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What's the Deal With Pluto?
When Will the Universe End?
We all have our ways of remembering the order of the planets. "My Very Educated Mother Just Served Us Nine Pizzas," is a common pneumonic that pre-dates Pluto's demotion to a dwarf planet. In 2007, Astronomy magazine suggested the pluto-less: "My Violent Evil Monster Just Scared Us Nuts". Regardless of how you learn to remember their order, it's very unlikely that our solar system will be getting any new planets or swapping positions any time soon. How did we end up with four rocky planets in the front closest to the sun and the four gas giants farther out? Questions like this will always be an ongoing debate until we can see a planet formation with our own eyes (don't hold your breath). Planetary scientists watch other developing stars and planetary systems and apply what they learn to our solar system. Astronomers know that solar systems begin as clouds of gas and dust spinning through space. If there's enough mass in the center, most of the mass will collapse into a star, while the surrounding matter coalesces into planets, moons, asteroids, comets, and everything else out there.
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But just mushing together gas and dust isn't detailed enough to describe this process on it's own. A study published in 2015 in the journal Nature wanted to see what would happen if they tried to recreate the early conditions of an solar system in their lab. They added tiny pebbles into a spinning mix of gas and dust. Pebble Theory says planets form when tiny rocks revolving around an early sun have enough gravity to pull other pebbles, gas, and dust into them, making them bigger. Slowly the bigger rocks attract smaller ones, gaining mass and gravity, and forming their own accretion discs of matter. Eventually, these will become proto-planets, planetesimals and (if they build up enough mass) planets. All the planets in our system developed rocky cores. but some had more mass and gravity than others and were able to hold onto their heavy, gaseous atmospheres. The small mass of the inner solar system planets just didn't have enough gravity to keep the big atmospheres we see on the gas giants. Astronomers theorize that the early inner solar system was maybe 40-times hotter than the outer regions, which also played a factor.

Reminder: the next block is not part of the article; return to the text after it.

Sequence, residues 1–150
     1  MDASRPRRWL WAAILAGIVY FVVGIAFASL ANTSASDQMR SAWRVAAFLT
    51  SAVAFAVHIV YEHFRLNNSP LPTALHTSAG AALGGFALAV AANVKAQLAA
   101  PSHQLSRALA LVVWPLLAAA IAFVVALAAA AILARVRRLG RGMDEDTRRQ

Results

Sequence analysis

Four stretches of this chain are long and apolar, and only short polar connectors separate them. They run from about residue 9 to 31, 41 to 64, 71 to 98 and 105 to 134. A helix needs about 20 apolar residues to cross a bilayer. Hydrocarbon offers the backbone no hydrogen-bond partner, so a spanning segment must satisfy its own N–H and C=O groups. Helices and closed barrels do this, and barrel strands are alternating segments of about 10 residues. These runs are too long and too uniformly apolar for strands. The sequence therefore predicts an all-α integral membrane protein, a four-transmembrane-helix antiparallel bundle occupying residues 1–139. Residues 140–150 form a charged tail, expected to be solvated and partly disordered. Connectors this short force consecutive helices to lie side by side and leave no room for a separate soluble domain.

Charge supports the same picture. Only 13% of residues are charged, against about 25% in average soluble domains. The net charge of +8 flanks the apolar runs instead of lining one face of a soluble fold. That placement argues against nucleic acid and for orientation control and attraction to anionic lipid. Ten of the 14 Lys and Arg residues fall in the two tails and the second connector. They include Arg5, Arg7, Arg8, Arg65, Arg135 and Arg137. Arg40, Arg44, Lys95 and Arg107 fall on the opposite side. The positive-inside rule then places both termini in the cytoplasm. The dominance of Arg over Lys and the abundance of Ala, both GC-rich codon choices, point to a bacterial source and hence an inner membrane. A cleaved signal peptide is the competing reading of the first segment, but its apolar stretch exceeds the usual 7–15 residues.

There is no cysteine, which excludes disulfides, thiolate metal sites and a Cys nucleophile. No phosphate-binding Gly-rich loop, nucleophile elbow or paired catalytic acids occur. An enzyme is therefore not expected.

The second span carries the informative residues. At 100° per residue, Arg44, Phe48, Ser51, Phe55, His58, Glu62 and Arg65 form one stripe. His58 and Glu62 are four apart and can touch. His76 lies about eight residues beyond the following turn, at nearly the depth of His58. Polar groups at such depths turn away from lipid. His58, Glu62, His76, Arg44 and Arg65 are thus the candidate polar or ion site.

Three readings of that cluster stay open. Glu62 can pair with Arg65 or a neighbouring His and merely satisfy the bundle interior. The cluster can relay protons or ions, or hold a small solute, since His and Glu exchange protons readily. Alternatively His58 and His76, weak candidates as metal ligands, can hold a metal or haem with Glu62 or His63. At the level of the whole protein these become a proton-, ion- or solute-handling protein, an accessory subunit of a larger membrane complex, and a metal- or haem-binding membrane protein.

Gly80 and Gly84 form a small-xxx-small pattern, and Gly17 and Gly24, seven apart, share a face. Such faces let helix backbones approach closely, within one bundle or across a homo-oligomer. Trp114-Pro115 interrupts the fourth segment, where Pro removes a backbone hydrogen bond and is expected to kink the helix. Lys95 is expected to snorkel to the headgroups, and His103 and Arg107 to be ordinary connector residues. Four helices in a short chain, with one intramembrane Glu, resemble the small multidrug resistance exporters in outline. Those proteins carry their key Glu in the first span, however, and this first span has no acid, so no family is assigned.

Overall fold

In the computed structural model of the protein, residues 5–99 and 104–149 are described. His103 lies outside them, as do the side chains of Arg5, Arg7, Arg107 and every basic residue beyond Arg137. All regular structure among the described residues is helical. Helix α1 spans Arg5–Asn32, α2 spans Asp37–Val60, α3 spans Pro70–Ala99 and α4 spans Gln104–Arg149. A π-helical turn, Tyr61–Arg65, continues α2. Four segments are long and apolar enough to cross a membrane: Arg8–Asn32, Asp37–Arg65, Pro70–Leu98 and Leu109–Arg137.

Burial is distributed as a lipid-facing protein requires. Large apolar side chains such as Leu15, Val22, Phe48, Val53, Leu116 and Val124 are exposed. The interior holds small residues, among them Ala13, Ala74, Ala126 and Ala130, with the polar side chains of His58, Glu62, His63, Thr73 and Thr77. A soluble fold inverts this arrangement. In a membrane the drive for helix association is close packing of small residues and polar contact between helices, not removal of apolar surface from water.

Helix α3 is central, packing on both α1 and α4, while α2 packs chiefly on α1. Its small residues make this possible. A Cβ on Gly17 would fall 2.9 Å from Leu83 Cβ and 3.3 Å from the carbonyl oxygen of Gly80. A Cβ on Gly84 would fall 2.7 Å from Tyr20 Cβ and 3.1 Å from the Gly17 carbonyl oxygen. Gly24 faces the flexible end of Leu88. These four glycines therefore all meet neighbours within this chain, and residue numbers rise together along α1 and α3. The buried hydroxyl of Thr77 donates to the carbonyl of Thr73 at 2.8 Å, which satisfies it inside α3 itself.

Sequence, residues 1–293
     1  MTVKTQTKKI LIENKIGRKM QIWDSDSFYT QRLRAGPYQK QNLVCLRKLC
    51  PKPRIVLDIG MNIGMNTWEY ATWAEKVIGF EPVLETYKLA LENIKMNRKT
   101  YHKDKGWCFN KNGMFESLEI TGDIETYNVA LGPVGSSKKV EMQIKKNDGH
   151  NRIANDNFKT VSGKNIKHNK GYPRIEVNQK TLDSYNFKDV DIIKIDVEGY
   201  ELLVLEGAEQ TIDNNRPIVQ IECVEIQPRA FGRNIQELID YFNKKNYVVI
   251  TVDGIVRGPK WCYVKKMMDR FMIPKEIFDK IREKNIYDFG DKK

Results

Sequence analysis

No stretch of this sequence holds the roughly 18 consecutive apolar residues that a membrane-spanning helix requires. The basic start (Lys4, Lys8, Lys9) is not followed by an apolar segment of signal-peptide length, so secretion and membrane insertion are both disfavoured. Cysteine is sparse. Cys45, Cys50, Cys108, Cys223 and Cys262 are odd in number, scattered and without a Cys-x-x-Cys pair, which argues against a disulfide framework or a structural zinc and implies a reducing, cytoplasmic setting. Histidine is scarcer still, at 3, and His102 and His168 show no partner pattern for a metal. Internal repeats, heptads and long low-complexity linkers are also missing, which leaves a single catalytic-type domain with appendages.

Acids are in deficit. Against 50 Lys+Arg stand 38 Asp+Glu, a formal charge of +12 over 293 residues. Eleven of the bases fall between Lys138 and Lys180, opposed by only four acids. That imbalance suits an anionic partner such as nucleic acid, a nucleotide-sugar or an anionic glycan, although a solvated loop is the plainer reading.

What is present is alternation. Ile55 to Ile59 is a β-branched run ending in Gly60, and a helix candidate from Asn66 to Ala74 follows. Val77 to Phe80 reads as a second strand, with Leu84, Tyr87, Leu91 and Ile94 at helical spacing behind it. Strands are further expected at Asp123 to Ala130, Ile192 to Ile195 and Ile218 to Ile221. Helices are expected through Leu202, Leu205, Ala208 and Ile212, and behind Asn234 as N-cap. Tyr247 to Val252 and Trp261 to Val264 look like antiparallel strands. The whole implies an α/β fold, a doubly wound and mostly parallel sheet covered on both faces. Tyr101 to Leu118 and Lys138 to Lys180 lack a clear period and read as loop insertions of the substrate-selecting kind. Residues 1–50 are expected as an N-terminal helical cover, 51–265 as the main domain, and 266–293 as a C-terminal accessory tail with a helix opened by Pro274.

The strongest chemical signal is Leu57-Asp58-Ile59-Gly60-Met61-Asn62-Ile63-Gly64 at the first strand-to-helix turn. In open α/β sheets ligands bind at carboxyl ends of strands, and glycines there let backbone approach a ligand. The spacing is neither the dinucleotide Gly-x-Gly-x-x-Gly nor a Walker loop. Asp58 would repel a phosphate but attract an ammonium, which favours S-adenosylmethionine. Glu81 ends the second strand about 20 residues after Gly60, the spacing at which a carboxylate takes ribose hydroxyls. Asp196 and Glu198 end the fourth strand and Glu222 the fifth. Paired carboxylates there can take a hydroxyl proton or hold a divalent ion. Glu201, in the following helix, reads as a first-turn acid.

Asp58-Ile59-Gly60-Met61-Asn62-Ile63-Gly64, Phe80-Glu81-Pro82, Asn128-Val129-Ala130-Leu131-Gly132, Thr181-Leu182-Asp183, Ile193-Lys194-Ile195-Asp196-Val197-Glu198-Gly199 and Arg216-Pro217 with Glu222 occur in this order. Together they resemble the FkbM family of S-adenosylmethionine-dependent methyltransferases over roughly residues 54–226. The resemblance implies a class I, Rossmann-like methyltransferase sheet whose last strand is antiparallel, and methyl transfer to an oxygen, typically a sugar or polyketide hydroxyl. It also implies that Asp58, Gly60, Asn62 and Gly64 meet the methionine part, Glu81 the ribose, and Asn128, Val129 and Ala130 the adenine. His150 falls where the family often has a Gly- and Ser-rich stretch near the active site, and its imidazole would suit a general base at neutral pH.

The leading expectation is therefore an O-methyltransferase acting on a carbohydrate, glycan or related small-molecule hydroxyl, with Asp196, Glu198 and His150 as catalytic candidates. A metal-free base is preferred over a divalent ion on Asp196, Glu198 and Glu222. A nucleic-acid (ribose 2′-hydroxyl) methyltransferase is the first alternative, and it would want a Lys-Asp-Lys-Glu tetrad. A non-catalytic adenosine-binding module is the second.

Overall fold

Amy's favorite planet is Venus because it rotates backwards, is incredibly hot, but is about the same size as the Earth. To her, it's like an inside-out and backwards version of the Earth. What is your favorite planet? Tell us in the comments, and we promise we won't judge if you are still #TeamPluto.
Jupiter bumped giant planet from our solar system (ScienceDaily)
"It's like something out of an interplanetary chess game. Astrophysicists have found that a close encounter with Jupiter about four billion years ago may have resulted in another planet's ejection from the Solar System altogether."
Planets and How They Formed (Lcogt.net)
"The planets in our Solar System are believed to have formed from the same spinning disc of dust that formed the Sun. This disc, called the solar nebula, was composed mainly of hydrogen and helium, but also had other elements in smaller proportions."